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LONDON – Ethical allegations swirling around Prime Minister Boris Johnson got more serious on Wednesday after the UK Election Commission announced it would open an official investigation into whether Mr Johnson secretly used political donations to renovate his apartment in Downing Street.

The commission said it had found “reasonable grounds to suspect that one or more offenses may have occurred.” Mr Johnson is accused of using funds from a Tory Party donor to supplement the budget for the modernization of his official quarters, which are above the offices at 11 Downing Street.

Mr Johnson insisted he paid for the renovation out of his own pocket, but did not disclose whether he repaid a donation made to the Conservative Party once the accusations emerged. He is entitled to £ 30,000 ($ 41,600) a year in public funds to decorate his apartment, but he apparently concluded that the budget was insufficient.

News of a formal investigation has raised political stakes for Mr Johnson, who engaged in an ugly exchange of accusations and counter-charges with his disaffected former chief adviser Dominic Cummings. In Parliament on Wednesday, Mr Johnson appeared unusually shaken and angry.

Under tough questions from Labor Party leader Keir Starmer, the Prime Minister said: “I have personally paid for the renovation of Downing Street. He said he would disclose the funding more if a newly appointed independent advisor deemed it necessary.

“I have fully complied with the code of conduct and officials have advised me continuously throughout this matter,” Johnson said.

The questions about the renovation of the Prime Minister’s apartment are just one of the myriad of issues hampering him as his government has become stuck in an ethical quagmire. He is also accused of making senseless statements about imposing another foreclosure and unusual access to wealthy businessmen.

Mr Johnson has denied reports he told his aides last fall that he would rather let ‘bodies pile up in the thousands’ rather than impose a third lockdown. But he admitted to expressing deep frustration, saying “these were very bitter and very difficult decisions for any prime minister.”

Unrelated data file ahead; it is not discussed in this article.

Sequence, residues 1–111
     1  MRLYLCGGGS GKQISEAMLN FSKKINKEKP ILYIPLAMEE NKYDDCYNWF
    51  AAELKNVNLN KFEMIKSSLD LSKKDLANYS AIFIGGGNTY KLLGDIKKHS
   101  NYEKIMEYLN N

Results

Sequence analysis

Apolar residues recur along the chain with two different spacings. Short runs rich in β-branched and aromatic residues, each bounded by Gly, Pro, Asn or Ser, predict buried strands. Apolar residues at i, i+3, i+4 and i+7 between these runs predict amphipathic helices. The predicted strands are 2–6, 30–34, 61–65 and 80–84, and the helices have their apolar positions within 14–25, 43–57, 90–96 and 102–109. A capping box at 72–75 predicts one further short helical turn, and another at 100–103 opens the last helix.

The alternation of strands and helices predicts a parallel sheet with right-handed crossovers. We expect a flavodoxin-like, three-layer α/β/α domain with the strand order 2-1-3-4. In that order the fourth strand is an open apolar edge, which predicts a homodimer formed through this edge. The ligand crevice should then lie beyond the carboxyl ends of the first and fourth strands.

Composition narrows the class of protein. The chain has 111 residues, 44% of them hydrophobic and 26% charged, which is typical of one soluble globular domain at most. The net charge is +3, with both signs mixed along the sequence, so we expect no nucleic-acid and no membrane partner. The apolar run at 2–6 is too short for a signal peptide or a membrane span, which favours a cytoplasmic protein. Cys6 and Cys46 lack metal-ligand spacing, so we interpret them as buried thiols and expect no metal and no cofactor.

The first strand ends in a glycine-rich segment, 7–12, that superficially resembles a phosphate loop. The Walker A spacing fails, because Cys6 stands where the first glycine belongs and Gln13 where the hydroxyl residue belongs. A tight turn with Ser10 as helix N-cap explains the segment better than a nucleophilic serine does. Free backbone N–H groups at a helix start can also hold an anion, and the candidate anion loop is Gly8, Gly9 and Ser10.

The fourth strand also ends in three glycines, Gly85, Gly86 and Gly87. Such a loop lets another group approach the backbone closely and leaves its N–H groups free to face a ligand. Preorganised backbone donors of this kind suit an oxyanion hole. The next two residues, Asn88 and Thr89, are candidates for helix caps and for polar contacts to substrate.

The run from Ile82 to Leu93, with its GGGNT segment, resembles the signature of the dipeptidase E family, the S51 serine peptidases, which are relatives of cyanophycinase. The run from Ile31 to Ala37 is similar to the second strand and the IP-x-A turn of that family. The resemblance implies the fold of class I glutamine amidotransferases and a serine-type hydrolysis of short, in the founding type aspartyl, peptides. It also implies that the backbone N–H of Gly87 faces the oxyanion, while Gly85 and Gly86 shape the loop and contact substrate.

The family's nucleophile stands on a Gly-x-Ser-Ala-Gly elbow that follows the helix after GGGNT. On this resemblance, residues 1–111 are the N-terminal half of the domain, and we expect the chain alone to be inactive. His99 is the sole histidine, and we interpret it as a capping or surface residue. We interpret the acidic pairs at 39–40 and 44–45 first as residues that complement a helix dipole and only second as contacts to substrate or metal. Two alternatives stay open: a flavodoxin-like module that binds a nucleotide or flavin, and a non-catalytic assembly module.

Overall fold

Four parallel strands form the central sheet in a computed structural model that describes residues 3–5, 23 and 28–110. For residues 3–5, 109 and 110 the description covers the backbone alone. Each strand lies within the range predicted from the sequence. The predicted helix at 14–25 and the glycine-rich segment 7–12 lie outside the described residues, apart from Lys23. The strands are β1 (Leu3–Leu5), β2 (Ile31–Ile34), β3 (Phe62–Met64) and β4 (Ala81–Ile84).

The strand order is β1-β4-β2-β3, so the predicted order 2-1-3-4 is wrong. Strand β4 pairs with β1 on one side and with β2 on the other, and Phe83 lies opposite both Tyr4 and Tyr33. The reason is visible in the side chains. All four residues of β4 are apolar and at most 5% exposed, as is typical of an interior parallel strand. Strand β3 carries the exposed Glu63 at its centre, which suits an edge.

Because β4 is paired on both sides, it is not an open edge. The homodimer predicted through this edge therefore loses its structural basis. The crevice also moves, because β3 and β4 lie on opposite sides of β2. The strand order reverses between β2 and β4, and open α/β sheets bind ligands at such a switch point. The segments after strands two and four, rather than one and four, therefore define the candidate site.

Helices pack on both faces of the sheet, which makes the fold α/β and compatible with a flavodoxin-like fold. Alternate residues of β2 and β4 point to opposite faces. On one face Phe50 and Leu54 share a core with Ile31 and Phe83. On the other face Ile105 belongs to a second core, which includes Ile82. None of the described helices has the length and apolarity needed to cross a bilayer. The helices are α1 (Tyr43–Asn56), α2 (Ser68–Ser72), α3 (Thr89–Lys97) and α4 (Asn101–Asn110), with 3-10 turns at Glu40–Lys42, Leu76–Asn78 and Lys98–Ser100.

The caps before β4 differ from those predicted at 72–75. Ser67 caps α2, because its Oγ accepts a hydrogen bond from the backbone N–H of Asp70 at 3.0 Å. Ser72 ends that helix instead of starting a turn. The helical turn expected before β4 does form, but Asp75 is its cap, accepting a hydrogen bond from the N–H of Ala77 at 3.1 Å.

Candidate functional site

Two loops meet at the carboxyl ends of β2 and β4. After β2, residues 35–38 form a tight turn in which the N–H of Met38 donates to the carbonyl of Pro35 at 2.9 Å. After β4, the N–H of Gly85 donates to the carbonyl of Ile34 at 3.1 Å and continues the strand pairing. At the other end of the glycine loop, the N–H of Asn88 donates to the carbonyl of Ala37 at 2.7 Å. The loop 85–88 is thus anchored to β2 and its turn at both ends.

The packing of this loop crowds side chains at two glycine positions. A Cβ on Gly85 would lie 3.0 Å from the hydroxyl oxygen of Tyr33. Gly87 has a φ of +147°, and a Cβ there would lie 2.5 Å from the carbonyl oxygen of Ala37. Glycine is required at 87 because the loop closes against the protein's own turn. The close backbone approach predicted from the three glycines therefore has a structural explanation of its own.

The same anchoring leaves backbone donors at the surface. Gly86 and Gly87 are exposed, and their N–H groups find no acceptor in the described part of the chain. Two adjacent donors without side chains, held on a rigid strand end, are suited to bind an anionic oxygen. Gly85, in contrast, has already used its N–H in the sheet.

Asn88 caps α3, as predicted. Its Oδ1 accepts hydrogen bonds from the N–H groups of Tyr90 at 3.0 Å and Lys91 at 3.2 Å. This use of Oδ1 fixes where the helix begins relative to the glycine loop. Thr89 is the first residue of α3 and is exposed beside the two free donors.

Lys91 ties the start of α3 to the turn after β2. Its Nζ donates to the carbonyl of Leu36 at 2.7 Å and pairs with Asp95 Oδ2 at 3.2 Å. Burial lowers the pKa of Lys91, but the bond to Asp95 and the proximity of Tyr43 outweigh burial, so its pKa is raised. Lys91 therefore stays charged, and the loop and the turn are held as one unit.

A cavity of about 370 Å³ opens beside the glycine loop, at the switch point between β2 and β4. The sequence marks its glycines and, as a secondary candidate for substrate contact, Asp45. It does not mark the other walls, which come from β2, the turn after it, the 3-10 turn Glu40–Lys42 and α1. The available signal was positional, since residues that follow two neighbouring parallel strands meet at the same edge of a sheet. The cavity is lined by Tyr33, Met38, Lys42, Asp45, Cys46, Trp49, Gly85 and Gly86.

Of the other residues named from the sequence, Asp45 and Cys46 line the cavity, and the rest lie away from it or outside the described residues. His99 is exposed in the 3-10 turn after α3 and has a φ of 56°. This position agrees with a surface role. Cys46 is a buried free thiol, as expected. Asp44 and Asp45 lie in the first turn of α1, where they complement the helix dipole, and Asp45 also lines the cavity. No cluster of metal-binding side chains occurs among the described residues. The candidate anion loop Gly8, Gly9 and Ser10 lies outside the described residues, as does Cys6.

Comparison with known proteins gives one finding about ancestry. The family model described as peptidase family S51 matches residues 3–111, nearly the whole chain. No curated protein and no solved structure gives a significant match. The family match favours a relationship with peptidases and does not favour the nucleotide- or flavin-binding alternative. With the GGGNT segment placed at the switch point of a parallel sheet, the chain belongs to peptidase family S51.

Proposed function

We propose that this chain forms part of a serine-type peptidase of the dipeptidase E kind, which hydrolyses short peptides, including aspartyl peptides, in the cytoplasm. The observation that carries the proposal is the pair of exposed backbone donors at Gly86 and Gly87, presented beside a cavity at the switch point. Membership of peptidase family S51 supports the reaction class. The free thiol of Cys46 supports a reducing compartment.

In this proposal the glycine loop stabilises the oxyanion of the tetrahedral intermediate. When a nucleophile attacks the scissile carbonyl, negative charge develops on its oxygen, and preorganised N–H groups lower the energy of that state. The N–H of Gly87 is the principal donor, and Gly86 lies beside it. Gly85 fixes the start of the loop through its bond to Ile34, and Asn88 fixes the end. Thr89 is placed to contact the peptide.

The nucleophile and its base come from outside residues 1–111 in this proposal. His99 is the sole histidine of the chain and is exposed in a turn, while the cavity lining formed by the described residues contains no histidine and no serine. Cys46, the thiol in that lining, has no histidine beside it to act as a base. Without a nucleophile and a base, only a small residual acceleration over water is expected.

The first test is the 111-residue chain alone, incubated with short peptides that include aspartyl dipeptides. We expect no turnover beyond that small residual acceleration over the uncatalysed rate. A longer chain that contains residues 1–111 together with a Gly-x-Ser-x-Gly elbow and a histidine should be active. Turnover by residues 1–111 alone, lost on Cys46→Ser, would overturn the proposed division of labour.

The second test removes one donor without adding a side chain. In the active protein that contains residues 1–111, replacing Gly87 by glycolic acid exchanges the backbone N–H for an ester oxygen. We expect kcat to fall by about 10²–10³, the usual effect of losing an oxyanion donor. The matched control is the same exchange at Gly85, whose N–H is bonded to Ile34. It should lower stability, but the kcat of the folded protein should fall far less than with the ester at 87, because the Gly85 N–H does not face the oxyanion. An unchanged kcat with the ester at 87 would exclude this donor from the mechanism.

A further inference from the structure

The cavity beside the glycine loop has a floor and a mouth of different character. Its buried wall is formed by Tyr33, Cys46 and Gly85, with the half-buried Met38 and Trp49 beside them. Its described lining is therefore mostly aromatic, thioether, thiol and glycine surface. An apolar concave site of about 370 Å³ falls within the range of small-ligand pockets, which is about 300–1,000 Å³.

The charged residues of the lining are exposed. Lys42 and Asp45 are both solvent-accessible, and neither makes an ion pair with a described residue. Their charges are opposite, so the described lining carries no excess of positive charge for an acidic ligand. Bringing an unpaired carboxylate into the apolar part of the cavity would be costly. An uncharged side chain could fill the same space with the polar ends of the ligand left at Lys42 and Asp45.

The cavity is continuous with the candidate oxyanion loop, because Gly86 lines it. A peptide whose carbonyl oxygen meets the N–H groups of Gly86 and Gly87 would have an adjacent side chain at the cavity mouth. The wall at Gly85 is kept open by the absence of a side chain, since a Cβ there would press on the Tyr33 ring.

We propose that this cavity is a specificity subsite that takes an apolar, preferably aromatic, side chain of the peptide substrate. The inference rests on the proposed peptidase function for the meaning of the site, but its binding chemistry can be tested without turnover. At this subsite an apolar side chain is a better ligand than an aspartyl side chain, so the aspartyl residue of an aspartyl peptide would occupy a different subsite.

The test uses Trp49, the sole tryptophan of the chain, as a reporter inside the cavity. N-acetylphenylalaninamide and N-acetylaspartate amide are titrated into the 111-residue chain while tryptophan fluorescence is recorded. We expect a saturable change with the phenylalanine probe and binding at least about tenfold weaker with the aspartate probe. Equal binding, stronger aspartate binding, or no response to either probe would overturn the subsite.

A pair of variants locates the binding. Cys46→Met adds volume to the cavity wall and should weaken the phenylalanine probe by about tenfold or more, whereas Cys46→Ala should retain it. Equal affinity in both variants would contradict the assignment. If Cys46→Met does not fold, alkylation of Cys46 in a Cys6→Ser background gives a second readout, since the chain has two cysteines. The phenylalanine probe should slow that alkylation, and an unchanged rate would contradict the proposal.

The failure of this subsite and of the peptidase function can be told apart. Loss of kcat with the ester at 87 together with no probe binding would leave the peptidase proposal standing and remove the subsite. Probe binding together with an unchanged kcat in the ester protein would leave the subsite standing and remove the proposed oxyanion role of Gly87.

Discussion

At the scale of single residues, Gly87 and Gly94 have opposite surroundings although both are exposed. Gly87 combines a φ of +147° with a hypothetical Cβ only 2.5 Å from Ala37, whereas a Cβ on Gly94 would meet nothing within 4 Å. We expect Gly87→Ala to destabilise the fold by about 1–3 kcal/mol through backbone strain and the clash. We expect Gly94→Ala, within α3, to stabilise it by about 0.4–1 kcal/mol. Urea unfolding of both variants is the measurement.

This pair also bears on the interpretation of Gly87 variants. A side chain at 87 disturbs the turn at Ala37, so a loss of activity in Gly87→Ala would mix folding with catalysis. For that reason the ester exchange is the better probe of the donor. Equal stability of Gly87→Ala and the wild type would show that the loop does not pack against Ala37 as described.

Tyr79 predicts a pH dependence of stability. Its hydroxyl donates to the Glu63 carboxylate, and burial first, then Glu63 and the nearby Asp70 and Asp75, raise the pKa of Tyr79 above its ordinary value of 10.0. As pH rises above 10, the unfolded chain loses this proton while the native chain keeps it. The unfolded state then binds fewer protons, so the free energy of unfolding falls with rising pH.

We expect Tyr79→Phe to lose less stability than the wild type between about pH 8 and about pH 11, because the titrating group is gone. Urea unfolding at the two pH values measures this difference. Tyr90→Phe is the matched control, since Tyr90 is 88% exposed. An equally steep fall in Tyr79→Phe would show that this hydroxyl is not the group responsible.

“The lockouts are miserable,” said visibly sorry Mr Johnson. “Lockdowns are a terrible thing to do.”

The Prime Minister claimed the Labor Party attacks were an effort to distract from the government’s successful rollout of coronavirus vaccines, which he predicted voters will reward in regional elections on May 6.

He defended his contacts with British billionaire James Dyson over his company’s emergency manufacturing of ventilation machines in the early days of the pandemic, noting that Mr. Dyson, whose company is known to manufacture High-end vacuum cleaners said this week that the two men were not close.

Still, the cloud of allegations has kept Mr Johnson on the defensive, with a succession of lawmakers accusing him of hijacking, covering up or worse.

“Are you a liar, Prime Minister? Scottish National Party parliamentary leader Ian Blackford said, slapping the Speaker of the House of Commons on the wrist, who said the question was “unsavory”.

Mr Starmer, a former crown attorney, tried to pin Mr Johnson on specific points regarding the renovation, noting that ministers who knowingly make false statements in the House are forced to resign.

He insisted on Mr Johnson as to who paid the initial bill for the work on the apartment and asked him to respond to a report that wealthy Tory donor David Brownlow had contributed £ 58,000 ($ 80,000 ), which were used to pay for part of the upgrade.

Mr Johnson declined to answer either of those points, repeating only that he had paid for the renovation. He tried to repel the attack on the opposition, saying it ignored public health and economic issues that preoccupy ordinary people in favor of frivolous questions about home decor.

“He goes on and on about the wallpaper, which, as I have told him dozens of times, ‘I paid for’,” Mr Johnson said, shrugging angrily.

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